“In my conversations with officials from the states, they are all dealing with climate change. I can’t recall a conversation that has been any kind of a debate about whether this is effecting our landscapes. I don’t think there is a debate,” Interior Secretary Sally Jewell said in a recent interview. “They’re dealing, in these Western states, with some real extremes.”
The consequences of climate change encourage wildfires in three ways, firefighters and policymakers say. First, even modest rises in temperatures change forest ecologies and allow invasive species to take root. Second, changing weather patterns can stem much-needed precipitation. And third, global warming is extending the fire season.
In the last four decades, the average fire season has grown by 78 days — more than a fifth of a year. If temperature trends continue, the Intergovernmental Panel on Climate Change warns, the fire season across Canada, Russia and the United States could expand by another month over the next five decades. While winter was once the time when fire agencies repaired aircraft and cut seasonal staff, states like California have had to keep their aircraft operating all year round.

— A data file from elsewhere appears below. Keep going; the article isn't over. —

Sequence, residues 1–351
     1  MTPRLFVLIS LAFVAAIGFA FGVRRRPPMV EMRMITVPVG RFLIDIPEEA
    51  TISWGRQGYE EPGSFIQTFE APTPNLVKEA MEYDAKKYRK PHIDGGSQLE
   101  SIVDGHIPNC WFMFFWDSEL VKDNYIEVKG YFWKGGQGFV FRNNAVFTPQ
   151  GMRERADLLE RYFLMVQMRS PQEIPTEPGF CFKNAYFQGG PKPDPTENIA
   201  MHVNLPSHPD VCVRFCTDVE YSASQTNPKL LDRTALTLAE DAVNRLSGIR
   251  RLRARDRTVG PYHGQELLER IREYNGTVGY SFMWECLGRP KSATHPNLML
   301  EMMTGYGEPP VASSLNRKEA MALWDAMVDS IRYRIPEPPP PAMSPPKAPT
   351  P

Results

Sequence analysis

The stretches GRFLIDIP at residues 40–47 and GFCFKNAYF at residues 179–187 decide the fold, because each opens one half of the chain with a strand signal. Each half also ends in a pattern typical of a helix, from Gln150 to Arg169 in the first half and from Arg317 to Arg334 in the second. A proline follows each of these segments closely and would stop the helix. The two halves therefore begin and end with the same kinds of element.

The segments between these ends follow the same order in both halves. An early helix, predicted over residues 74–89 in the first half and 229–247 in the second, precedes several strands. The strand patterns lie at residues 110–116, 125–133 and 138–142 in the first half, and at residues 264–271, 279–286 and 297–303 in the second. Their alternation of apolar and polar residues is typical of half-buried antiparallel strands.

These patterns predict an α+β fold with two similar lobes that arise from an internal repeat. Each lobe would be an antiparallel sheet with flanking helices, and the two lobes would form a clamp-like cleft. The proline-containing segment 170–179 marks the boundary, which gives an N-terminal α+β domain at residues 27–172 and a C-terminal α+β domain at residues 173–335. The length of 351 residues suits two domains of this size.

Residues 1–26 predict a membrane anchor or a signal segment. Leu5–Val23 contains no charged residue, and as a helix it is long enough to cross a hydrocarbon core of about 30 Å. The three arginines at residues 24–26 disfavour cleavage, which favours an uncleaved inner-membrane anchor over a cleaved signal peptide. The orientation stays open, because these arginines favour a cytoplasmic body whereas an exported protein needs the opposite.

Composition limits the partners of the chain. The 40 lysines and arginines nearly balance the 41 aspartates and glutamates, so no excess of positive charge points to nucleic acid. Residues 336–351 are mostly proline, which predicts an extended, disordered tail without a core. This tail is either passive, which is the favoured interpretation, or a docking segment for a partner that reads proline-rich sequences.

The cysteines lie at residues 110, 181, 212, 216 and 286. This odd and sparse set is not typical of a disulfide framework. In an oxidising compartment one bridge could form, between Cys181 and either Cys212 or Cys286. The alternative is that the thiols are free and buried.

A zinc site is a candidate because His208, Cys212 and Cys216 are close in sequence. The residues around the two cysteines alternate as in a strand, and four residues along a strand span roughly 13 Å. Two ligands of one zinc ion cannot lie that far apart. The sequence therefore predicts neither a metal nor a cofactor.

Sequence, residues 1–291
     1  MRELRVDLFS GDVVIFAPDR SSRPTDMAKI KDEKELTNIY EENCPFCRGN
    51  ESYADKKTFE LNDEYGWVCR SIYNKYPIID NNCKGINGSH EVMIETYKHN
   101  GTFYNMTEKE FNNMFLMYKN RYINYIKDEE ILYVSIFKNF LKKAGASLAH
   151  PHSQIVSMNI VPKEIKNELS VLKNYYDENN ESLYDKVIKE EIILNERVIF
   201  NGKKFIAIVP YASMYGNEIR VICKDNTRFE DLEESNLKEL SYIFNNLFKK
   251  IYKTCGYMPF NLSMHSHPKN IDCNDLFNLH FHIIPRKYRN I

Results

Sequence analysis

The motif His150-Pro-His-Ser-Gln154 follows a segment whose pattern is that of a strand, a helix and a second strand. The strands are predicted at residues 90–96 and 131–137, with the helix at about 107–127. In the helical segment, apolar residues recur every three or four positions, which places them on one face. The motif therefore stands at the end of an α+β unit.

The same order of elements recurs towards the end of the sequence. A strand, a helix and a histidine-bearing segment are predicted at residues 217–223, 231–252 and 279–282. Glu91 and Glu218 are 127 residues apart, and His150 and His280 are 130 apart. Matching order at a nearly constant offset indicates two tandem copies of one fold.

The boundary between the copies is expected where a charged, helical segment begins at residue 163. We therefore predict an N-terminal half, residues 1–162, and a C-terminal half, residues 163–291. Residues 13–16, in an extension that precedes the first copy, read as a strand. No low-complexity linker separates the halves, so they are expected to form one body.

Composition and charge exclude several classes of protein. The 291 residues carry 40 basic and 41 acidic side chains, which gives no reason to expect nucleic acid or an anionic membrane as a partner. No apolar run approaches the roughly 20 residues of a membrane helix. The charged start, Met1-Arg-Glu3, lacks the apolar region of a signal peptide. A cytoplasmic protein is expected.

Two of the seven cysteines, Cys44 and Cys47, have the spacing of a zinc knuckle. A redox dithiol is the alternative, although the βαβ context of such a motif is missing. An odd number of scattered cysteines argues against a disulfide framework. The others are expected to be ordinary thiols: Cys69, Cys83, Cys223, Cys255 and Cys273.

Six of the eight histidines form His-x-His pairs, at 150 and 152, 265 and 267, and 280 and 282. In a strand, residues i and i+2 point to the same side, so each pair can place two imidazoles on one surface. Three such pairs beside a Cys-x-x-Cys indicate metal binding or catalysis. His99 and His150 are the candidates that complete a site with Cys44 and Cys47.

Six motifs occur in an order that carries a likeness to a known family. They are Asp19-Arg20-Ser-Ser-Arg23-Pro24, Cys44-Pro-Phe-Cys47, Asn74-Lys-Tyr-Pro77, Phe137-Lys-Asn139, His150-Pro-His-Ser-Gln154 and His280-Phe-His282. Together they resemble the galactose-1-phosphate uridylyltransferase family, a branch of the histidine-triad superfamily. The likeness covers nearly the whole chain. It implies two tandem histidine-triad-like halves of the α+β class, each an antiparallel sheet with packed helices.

Climate scientists believe a reduction in polar ice is changing atmospheric circulation patterns, which could contribute to a slowing of the jet stream, contributing to colder, wetter weather in the Eastern United States and more persistently dry conditions in the West.
Rising temperatures have aided invasive pests like the mountain pine beetle in the Pacific Northwest and the goldspotted oak borer in Southern California, which turn living trees that could survive a fire into dead, dry, 20-foot tall matchsticks. Scientists hope this winter’s freezing temperatures have temporarily stemmed the spread of those bugs, though there is no way to be certain.
Higher temperatures means plant life once confined to more southern climates is creeping northward. Those new species can burn faster and at higher intensity than the species they are driving out.
“As the temperature has gradually changed, we’re kind of seeing this changing vegetation dynamic,” said Ken Pimlott, director of the California Department of Forestry and Fire Protection, known as CalFire. “We’re seeing trees throughout the foothills here, what’s called grey pine, they’re slowly dying off. They’re being replaced by brush and vegetation. That kind of a change leads to more flammable vegetation in these traditional elevations that would normally be cooler, more moist.”
Fire is a natural phenomenon. It sweeps through forests on a regular basis, clearing out debris and dead foliage, refreshing vegetation and revitalizing the land. But the fire cycle is accelerating, especially in the Rocky Mountains. Reduced precipitation means forests that once burned every 100 to 150 years are now burning much more frequently. The climate, which for millenia has acted as a curb on fire activity, is becoming an accelerant.